Grading and sealing console games with the Video Game Authority (WATA) can be a highly controversial topic, with both strong arguments for and against the practice. On one hand, grading games can provide a sense of authenticity and value to collectors, as it can confirm the rarity and condition of a particular game. On the other hand, however, grading can also be prone to fraud and can have negative psychological effects on collectors and gamers.
One major argument in favor of grading and sealing console games is that it can provide a sense of authenticity and value to collectors. By grading games, collectors can be assured that their game is genuine and has been evaluated by a professional organization for condition. This can be especially important for rare or valuable games, which can command high prices on the collectors’ market. However, even relatively common games can see inflated pricing such as the classic example of Super Mario Bros for the Nintendo Entertainment System (NES). A “9.8” graded copy of this very common NES game from the mid 80’s made headlines in late 2021 selling for a record 2 Million US Dollars causing many collectors to scratch their collective heads.
However, the practice of grading games is not without its flaws. One major concern is the potential for fraud. Some collectors may attempt to pass off counterfeit or altered games as genuine in order to obtain a higher grade and, in turn, a higher price. This can be difficult to detect, as even “experts” may not always be able to spot a fake game. This can lead to collectors paying exorbitant amounts of money for games that are not authentic, which can be a major disappointment and financial loss.
Fraud can also occur within the grading process itself. There have been instances where individuals or companies have bribed or otherwise influenced WATA graders in order to obtain higher grades for their games as well as WATA employees allegedly selling their own graded games at really high prices which is apparently against WATA’s policies. This undermines the integrity of the grading process and can lead to a lack of trust among collectors.
Another issue with grading console games is the psychological aspect of collecting. For some collectors, the pursuit of the “perfect” game can become all-consuming. This can lead to an unhealthy focus on grades and rarity, rather than on the enjoyment of playing the games themselves. Collectors may become obsessed with obtaining the highest possible grades for their games, leading to a never-ending cycle of buying and grading. This can be a major drain on both time and finances, and can take the fun out of collecting.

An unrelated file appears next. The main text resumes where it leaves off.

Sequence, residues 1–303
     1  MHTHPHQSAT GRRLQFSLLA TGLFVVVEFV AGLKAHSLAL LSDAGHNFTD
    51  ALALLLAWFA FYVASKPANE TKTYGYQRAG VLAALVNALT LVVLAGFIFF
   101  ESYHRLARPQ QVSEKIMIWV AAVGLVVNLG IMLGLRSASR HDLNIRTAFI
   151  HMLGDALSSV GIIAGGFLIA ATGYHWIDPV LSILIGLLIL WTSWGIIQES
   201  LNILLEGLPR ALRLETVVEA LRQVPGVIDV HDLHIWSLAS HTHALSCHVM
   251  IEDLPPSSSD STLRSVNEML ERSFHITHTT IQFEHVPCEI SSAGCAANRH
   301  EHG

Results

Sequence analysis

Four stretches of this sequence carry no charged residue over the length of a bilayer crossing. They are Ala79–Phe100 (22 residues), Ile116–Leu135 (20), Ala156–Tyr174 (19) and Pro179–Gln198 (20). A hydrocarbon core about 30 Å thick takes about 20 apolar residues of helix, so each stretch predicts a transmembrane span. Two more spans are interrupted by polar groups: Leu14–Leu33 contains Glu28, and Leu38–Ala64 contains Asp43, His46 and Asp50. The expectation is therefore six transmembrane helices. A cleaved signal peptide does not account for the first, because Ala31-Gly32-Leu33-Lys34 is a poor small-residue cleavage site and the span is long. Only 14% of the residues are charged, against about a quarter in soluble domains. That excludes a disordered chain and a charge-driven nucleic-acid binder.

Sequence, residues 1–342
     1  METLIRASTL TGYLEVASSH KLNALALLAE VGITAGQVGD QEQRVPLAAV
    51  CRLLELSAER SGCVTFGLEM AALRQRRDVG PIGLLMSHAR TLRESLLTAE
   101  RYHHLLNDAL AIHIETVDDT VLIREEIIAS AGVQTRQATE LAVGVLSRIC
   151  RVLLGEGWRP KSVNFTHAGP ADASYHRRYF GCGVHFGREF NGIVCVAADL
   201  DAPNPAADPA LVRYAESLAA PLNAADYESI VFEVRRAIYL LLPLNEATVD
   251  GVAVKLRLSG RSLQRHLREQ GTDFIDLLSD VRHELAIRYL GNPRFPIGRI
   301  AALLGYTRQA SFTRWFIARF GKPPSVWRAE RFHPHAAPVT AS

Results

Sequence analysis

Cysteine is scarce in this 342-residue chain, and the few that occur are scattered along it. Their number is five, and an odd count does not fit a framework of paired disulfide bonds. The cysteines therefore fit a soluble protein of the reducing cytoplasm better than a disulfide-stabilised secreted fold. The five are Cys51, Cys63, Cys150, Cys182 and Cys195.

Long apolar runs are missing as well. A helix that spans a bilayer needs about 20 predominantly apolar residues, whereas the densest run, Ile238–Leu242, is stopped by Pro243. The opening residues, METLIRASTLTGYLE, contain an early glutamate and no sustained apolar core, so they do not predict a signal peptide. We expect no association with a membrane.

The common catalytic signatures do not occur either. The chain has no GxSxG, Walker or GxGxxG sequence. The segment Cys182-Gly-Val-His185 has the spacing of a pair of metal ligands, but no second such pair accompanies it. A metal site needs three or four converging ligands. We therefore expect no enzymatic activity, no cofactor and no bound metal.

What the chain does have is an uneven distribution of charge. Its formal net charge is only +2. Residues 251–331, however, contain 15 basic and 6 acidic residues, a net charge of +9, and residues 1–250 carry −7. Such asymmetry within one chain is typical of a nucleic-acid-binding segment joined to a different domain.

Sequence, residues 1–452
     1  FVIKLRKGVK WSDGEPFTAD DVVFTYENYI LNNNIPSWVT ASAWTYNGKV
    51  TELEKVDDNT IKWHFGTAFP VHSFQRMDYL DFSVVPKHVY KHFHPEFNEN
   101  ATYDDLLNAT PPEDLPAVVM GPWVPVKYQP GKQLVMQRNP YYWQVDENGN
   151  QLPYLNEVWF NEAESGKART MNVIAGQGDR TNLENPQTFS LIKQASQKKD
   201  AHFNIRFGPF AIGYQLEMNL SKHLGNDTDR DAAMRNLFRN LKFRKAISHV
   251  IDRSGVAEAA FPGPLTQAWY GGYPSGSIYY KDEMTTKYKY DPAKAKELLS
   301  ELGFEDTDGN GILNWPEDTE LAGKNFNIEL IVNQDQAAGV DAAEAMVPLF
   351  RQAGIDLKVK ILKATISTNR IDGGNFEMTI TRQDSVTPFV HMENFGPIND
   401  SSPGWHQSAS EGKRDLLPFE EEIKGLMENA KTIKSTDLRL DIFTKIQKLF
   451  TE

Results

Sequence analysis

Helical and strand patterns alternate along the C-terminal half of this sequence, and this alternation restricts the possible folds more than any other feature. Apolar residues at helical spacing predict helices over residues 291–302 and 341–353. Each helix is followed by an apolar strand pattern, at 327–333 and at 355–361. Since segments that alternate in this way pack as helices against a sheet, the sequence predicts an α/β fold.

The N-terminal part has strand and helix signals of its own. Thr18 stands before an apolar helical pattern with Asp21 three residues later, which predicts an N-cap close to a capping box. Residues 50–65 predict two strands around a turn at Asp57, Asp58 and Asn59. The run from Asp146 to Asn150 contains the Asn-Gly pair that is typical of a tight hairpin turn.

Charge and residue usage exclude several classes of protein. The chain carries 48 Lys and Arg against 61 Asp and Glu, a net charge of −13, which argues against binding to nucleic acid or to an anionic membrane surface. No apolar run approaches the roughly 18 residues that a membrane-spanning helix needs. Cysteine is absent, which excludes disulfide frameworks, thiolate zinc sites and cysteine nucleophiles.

Additionally, grading and sealing console games can also create a hierarchy among collectors, with those who own graded games often viewed as more “serious” collectors. This can create a divide among collectors, with those who do not own graded games feeling like they are not part of the “elite” group. This can lead to feelings of inadequacy and exclusion, which can be harmful to both individuals and the collecting community as a whole.
Inflation of prices for relatively common games can also be a major issue in the collecting community. When a game is initially released, it may be priced at a certain level due to production costs and market demand. However, as the game becomes rarer and harder to find, its price can increase significantly on the secondary market. This can be especially true for popular or highly sought-after games. While this can be frustrating for collectors who missed out on the initial release and are now looking to purchase the game, it can also lead to speculation and hoarding, as individuals try to take advantage of the inflated prices.
Just this week, a console game enthusiast and vlogger Madlittlepixel reported on a reproduction copy of Castlevania Rondo of Blood for the PCEngine which was graded by WATA listed on eBay for several thousand dollars. The copy, sealed in a WATA graded case is clearly a PCEWorks reproduction and yet WATA still graded it as a legitimate copy. This seems like a pretty big error on WATA’s part and perhaps their practices should be evaluated. Additionally, the eBay seller sent a rudimentary “legal-eese” email to the vlogger demanding he remove all evidence of his defamation and libel from the Internet regarding the copy of Castlevania Rondo of Blood listed on eBay or face legal action. Rightly so, the vlogger refused and the content continues for consumption. With light investigation, the same seller is selling other PCEWorks PCEngine reproductions as originals for over inflated prices in their eBay store. One of the games clearly has the PCEWorks logo on the disc.
Overall, while grading and sealing console games with WATA can provide a sense of authenticity and value to collectors, it is not without its drawbacks. The potential for fraud, both in the grading process and in the selling of games, and the negative psychological effects of collecting can be major concerns. Can we trust WATA after this? Did we ever trust WATA? WATA mess.